Jan Garbett, Candidate for Utah Governor, Files Constitutional Lawsuit
FOR IMMEDIATE RELEASE
April 14, 2020, Salt Lake City, Utah
Republican gubernatorial candidate Jan Garbett has filed a lawsuit demanding that Jan’s name be placed on the ballot in this year’s Republican primary election. The suit details how denying Jan access to the ballot violates her Constitutional rights.
"Utah's signature-gathering requirement is designed to make candidates have face-to-face conversations with voters," explained Garbett. "When a pandemic makes that interaction impossible, then the law simply becomes a way to keep people off the ballot."
“The foremost responsibility of any state government is to defend and preserve democracy through free and fair elections,” Garbett continued. “Our Consitution defends the right of citizens to participate in their government by running for office. It does not allow reluctant officials to shrug their shoulders while a pandemic makes normal elections impossible. Doing otherwise would let the fox guard the henhouse, since elections put their jobs on the line.”
Other states have figured out how to keep people safe and preserve democracy. For example, New York drastically reduced the number of signatures required to get on the primary ballot. Utah’s failure to take similar action places an unreasonable burden on Jan’s right to pursue elected office.
Courts have set a strong precedent of letting candidates onto the ballot when unforseeable circumstances occur. The coronavirus pandemic is one of those circumstances—no one anticipated the coronavirus or its impact on Utah elections.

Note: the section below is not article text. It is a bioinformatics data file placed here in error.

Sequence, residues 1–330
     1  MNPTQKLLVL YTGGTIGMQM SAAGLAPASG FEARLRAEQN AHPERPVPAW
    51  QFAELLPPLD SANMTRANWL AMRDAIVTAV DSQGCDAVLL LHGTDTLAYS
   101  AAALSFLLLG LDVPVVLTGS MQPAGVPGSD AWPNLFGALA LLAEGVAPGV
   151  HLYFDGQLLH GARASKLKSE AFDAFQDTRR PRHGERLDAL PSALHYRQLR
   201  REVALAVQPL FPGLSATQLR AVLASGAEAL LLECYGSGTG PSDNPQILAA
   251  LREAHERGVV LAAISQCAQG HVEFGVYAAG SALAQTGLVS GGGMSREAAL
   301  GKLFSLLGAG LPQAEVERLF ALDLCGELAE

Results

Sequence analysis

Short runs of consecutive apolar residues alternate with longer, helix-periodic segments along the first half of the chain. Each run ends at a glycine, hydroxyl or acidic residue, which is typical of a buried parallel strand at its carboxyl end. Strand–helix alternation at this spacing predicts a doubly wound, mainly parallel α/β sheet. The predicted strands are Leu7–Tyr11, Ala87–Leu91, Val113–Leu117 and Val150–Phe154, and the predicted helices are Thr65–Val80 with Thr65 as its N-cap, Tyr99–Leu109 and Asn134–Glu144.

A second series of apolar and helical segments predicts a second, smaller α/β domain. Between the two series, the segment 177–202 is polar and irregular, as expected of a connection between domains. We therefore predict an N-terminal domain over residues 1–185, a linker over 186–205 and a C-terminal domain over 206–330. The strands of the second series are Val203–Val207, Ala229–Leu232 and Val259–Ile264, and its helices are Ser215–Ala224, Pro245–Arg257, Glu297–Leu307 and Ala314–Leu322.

“If the government orders us to cease campaigning—which I agree was necessary to protect public health—then the government bears the responsibility to reduce the amount of campaigning necessary in a proportional way,” said Dr. Joe Jarvis, Jan’s running mate for Lt. Governor. Dr. Jarvis has repeatedly noted that the COVID-19 pandemic has also altered the circumstances for candidates pursuing the caucus/convention path to nomination. "For conventions, the State has allowed political parties to make drastic changes to the process, yet it has resisted making changes of a similar scope to the signature-gathering path." This unequal treatment is a violation of the 14th Amendment's Equal Protection clause.
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